Pelvic Health

What is Pelvic Health?

  Pelvic health refers to the state of optimal function and comfort of the organs, muscles, joints, nerves and other soft tissue that make up the area between our belly buttons and pelvic floor. Pelvic health requires the optimal function of all of the systems in our body including the urinary, reproductive, circulatory, nervous, respiratory, integumentary (skin), and musculoskeletal systems. Pelvic health is a generic term that is not specific to either gender. It relates to all conditions involving the pelvic area; it is not limited to certain ones like urinary incontinence.

  All of these organ systems are treated by various medical and integrative health-care providers, but physical therapists approach the issues pertaining to the pelvis slightly differently. PT's treat movement imbalances that limit function. They are trained in evaluation and treatment of dysfunction primarily of the joints, muscles and nerves. However, when these structures interfere with movement or quality of function of the other systems, then physical therapists are able to integrate treatment to facilitate restoration of normal function of all of the involved systems. Pelvic health is important for many reasons - the pelvis is the base on which our spine stands. It is the support for all of our internal organs and the outlet for much of what goes on within these internal organs. And of course the pelvis is important for its role in intimacy and reproduction. Specially trained physical therapists are best able to integrate the various systems involved in pelvic function and health.

  Physical therapists who specialize in pelvic health acquire most of their training following the completion of a graduate level program in physical therapy. Classes they take range from workshops in musculoskeletal function of the spine, sacrum, and hips to soft tissue treatment techniques including myofascial release, visceral manipulation, and connective tissue massage. Additional instruction is received in the evaluation of pelvic floor muscle quality. Treatment techniques usually include patient education regarding the involved structures and their function, manual therapy, exercises, and guidance in understanding how poor mechanics is related to pain and dysfunction.

  Urinary incontinence is one of the most common conditions treated by physical therapists practicing in this area. It is often thought that urinary incontinence is a  normal part of aging for both men and women. Recent studies estimate only one-quarter of all women suffering from urinary incontinence seek help. Often the help they receive is inadequate, nothing more than a hand-out relaying instructions of how to perform Kegels (pelvic floor exercises). Such information can be counterproductive as it seems to be the answer, but if the individual is so weak she can not identify the appropriate muscles, the exercises alone most often fail. Attempting them only reinforces the imbalances that already exist. A person can also have extremely tight muscles in the pelvic floor region that interfere with normal ability to perform an appropriate contraction. Failure to identify the underlying cause can result in the individual failing at the exercise program and feeling as if there is nothing that can be done to help them with this often life-altering condition.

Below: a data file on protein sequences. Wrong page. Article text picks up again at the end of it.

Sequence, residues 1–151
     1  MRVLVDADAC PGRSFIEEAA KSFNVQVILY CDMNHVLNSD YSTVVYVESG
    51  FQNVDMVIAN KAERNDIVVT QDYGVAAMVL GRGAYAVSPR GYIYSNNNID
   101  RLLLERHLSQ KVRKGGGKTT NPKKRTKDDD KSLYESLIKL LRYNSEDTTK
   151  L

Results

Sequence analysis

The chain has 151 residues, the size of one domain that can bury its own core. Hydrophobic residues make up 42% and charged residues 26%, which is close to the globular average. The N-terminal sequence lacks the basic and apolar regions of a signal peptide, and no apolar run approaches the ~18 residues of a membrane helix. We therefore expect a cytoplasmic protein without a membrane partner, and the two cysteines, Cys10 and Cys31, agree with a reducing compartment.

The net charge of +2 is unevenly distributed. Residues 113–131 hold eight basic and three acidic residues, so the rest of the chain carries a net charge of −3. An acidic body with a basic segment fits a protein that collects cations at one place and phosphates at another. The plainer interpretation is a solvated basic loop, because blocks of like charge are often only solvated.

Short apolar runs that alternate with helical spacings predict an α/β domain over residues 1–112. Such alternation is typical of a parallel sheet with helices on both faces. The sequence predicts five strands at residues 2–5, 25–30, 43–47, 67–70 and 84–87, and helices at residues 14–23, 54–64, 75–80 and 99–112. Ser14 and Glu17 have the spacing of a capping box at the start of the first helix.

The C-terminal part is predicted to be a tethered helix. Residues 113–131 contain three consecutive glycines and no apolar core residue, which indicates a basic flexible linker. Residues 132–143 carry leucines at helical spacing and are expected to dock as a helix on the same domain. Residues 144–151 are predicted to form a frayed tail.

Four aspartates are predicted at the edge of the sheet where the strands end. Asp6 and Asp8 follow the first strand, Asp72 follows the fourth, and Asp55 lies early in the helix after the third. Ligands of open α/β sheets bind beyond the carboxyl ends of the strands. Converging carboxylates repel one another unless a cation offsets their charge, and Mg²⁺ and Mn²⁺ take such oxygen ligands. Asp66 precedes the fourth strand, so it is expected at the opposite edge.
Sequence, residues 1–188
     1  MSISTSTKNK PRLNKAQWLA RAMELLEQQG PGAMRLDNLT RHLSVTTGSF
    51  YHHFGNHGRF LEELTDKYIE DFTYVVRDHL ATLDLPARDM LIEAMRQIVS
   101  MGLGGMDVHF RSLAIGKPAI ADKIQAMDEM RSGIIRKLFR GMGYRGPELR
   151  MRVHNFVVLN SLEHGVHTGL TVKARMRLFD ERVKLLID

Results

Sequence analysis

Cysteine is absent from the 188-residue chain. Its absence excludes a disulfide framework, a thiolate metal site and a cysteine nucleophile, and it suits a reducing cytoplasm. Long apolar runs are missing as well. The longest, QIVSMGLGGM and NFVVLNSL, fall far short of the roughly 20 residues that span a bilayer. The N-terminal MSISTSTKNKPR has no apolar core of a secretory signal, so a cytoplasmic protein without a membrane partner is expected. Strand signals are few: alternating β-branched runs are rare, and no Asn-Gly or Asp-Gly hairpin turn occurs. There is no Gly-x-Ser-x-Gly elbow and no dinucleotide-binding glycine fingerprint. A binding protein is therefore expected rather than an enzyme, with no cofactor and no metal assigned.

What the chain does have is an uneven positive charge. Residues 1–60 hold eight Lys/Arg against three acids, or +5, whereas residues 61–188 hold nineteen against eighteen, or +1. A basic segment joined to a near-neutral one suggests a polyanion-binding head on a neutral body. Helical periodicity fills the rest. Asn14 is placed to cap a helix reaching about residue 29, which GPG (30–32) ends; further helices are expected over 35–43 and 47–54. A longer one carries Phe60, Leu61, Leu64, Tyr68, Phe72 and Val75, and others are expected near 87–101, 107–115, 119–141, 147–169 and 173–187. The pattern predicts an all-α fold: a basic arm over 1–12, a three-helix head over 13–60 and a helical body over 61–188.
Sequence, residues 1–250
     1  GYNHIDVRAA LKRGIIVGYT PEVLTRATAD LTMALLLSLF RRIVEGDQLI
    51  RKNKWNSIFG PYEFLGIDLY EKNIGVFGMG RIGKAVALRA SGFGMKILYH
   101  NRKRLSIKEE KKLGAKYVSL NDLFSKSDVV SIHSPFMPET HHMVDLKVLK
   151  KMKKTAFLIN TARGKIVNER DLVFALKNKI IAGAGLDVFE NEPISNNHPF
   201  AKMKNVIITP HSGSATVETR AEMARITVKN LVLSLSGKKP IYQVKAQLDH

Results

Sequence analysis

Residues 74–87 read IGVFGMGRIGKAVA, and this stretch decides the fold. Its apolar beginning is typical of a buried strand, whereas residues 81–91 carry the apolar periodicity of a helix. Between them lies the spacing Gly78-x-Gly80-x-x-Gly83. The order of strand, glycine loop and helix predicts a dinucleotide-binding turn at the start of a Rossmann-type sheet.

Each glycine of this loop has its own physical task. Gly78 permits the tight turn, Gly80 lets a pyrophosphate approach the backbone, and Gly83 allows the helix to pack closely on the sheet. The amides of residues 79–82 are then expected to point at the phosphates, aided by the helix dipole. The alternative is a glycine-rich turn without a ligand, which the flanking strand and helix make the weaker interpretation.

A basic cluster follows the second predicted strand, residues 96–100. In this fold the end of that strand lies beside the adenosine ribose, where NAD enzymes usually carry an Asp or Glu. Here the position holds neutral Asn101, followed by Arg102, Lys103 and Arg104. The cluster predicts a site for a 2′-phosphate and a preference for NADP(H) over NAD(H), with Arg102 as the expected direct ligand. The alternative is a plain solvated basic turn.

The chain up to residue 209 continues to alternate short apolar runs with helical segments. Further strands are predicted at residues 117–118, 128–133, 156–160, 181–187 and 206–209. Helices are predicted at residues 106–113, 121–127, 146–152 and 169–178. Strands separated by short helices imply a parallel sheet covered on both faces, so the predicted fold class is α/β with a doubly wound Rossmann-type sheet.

Physical therapists trained in pelvic health issues can also treat painful conditions that limit one's ability to void, move, sleep, be intimate, and reproduce. The American Journal of Obstetrics and Gynecology reported in their September 2001 issue (Vol. 185, p.545) that 16.7% of women between the ages of 20-59 have pelvic pain that has lasted greater than six months. The article also reported that of those women, only 40% sought medical help. The numbers are not much different for men suffering from pelvic pain. Many of these conditions are caused by either too much tension in the pelvic floor muscles or by disease processes that make the pelvic muscles tense. In the latter case, pain that would be manageable becomes unbearable. In an article in the Journal of Urology (166:2226-2231, 2001), Jerome Weiss MD states that it is essential that patients should undergo a physical therapy evaluation and treatment to correct any predisposing or perpetuating condition. Some of the diagnoses that are successfully treated by physical therapy intervention include painful menses, pudendal nerve entrapment, interstitial cystitis, endometriosis, prostatitis, sacroiliac joint dysfunction, abdominal adhesions, tail-bone pain, vulvodynia, and uterine and bladder prolapse.

  If you are experiencing any concerns related to the pelvic region of your body and its function, it is important that you see an appropriate health-care provider to rule out any serious medical condition that may be the cause of pain or dysfunction. Once this is complete, if your physician does not offer a physical therapy referral, ask for one!


Important Websites for Pelvic Health:
www.vulvodynia.com  for Dr. Howard Glazer's Vulvodynia website
www.womenshealthapta.org Section on Women's Health at the American Physical Therapy Assoc.
www.pelvicpain.org for the International Pelvic Pain Society
www.nva.org for the National Vulvodynia Association
www.hersfoundation.com for Hysterectomy Alternatives and After effects
 www.spuninfo.org  Society for Pudendal Neuralgia
www.pudendal.com  The Pudendal Nerve


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Homer Physical Therapy LLC
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